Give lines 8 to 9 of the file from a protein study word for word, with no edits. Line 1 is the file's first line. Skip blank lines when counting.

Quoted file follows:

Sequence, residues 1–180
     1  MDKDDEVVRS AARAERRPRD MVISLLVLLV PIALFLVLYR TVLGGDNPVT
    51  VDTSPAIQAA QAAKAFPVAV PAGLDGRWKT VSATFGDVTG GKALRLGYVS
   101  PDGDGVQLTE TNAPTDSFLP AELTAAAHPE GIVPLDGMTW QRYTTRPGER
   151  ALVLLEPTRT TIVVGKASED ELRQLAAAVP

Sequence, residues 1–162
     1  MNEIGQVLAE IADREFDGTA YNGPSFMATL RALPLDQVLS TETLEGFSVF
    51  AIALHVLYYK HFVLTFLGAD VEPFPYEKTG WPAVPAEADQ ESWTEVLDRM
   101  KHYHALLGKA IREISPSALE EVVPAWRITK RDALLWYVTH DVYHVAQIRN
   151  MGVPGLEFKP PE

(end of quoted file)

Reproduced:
    51  AIALHVLYYK HFVLTFLGAD VEPFPYEKTG WPAVPAEADQ ESWTEVLDRM
   101  KHYHALLGKA IREISPSALE EVVPAWRITK RDALLWYVTH DVYHVAQIRN